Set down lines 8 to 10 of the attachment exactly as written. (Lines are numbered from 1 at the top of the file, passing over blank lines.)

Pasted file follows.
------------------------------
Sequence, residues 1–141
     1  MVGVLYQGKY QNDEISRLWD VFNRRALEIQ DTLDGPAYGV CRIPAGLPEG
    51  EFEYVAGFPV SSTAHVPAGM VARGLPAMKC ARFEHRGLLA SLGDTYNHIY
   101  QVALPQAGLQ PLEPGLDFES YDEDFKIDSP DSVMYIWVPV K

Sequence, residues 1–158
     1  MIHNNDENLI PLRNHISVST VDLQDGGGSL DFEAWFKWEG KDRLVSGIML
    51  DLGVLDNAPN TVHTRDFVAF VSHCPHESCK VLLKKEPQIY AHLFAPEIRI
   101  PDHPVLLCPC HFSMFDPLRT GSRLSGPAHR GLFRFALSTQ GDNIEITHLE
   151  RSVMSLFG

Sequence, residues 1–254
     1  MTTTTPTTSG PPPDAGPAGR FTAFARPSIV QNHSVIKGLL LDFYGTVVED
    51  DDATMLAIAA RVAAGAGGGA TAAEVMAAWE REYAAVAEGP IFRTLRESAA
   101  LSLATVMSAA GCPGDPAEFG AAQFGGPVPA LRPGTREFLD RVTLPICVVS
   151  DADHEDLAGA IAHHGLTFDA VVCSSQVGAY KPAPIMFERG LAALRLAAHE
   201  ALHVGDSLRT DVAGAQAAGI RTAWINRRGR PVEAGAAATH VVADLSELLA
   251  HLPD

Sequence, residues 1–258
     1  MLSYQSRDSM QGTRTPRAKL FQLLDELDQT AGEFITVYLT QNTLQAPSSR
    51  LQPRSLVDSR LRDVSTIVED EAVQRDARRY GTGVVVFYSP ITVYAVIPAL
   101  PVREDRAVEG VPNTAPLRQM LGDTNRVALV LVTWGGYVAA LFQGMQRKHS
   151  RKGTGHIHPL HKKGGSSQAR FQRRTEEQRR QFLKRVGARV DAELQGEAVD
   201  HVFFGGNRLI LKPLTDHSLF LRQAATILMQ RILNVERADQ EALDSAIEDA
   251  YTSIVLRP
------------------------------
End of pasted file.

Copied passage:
   101  PDHPVLLCPC HFSMFDPLRT GSRLSGPAHR GLFRFALSTQ GDNIEITHLE
   151  RSVMSLFG

Sequence, residues 1–254